Build Your Own Popcorn Strobe

Flashing Circuit Strobe Light

Skill Level: Beginner
Assembly Time: 1 Hour
Designer: Joe Klemencic aka "Trowelfaz"

Popcorn Strobe The Popcorn Strobe produces a flashing circuit similar to a strobe light. It is intended to fit inside of a plastic dome that you get from gumball machines.

In order to control the rate of flash simply adjust the potentiometer. This is a great small circuit demonstrating 555 Monostable circuit operation, perfect for creating special effects.

Build Your Own Popcorn Strobe

Required Tools and Components:

555 Timer
100K Trimmer Potentiometer
10K Ohm 1/4W Resistor
4.7K Ohm 1/8 Watt Resistor
10µF Radial Capacitor
5MM White LED
Printed Circuit Board
Soldering iron and solder
12V power source
Vending machine capsule (optional)
Hook-up wire

Step-by-Step Instructions

Step 1 – Install the LEDs

Solder on the 4 white LEDs to positions L1, L2, L3 and L4. Make sure to take note of the orientation, for the LEDs have positive and negative legs. Looking at the back of the LED, the 'straight' segment should align to the straight line on the PCB. The connections to the center of the LED should align to the angled lines on the PCB. The LED outline on the PCB has a shaved corner to assist with alignment.

Step 2 – Test the LEDs after installing

Test that the LEDs have been properly installed. Using the leads from a 9V-12V power source, insert the positive cable to the '+' hole on the PCB (do not solder it, just hold it). Next tap the negative lead to the upper leftmost LED (L1) led by the '-' symbol. All 4 of the LEDs should be illuminated.

Installing the LEDsInstalling the LEDs

Testing the LEDsTesting the LEDs

Step 3 – Soldering the 555 timer chip

Insert and solder all 8 legs of the 555 timer. Make careful note of the orientation. The notch in the chip is to be aligned with the notch in the graphic on the PCB.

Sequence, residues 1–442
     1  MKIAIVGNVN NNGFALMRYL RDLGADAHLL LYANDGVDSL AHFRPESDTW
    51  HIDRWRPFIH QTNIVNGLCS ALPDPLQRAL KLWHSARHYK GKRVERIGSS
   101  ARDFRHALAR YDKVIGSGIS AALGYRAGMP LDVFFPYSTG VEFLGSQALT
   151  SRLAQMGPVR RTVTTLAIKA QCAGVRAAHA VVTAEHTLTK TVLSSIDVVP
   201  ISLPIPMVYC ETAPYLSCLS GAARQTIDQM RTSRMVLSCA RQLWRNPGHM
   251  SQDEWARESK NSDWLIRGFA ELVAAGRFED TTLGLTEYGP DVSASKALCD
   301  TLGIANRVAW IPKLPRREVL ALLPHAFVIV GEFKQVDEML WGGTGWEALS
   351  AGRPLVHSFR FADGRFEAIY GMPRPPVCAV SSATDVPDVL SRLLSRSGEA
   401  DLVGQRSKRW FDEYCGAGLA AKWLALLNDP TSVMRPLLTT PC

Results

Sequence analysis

Step 4 – Soldering the transistor

Insert the transistor into position, taking note of the orientation as directed on the PCB. Solder each of the 3 legs and trim to length.

Soldering the transistorSoldering the transistor

Soldering the resistorsSoldering the resistors

Step 5 – Soldering the resistors

Insert and solder the 10K and 4.7K resistors. Orientation is not important. The 10K resistor (brown. black, orange) is installed just under and left of the transistor (marked R2). The 4.7K resistor (yellow, violet, red) is installed next to the 555 timer next to pins 7 and 8 (marked R1).

Step 6 – Soldering the trim potentiometer

Add the 100K trim pot. This pot is used to control the flash rate. Insert and solder the 100K trim pot according to PCB. It will be located to the right of the 4.7K resistor.

Step 7 – Soldering the radial capacitor

Install and solder the 10µF radial capacitor as directed by the PCB. Take note the positive side of the capacitor is to be aligned with the '+' sign on the PCB just above the capacitor graphic. The negative (striped marking on the capacitor) will go towards the bottom of the PCB. After you are done soldering, trim the leads.

Soldering the Radial CapacitorSoldering the Radial Capacitor

Attach the wiresAttach the wires

Step 8 – Attach the power wires

Go ahead and fish the 12V power wires through the circle cutout from the underside of the PCB to the top of the PCB. Insert the stripped ends of the wire through the corresponding power holes ('+' for 12V positive, '-' for 12V negative/common). Then solder the wires to the underside and snip the tails.

Step 9 – Attach strobe PCB tothe base

Once completed you can now attach the built PCB to the dome lid of the vending machine capsule, or any enclosure you see fit. To accommodate the power wires drill a small hole in the back of the dome. Feed the power wires through the hole. To hold the PCB and dome lid together, you may want to tape or hot glue them together.

Step 10 – Finished project

Snap on the clear plastic dome. Hook up the wires to your 12VDC power source and enjoy your strobe action. In order to increase or decrease the flash rate turn the potentiometer.

About the Designer

Joe Klemencic is a Computer Security manager by day and a Holiday Light enthusiast by night. His year round hobby is designing, building and programming lights and circuits for his computer controlled holiday lights display. While Joe is still a novice when it comes to electronics, most of his display elements cannot be purchased in stores, so they must be fabricated by hand. Microcontrollers and electronics play a big part in bringing it all together, and offer a vast opportunity to learn many aspects about electronics while creating art for others to experience.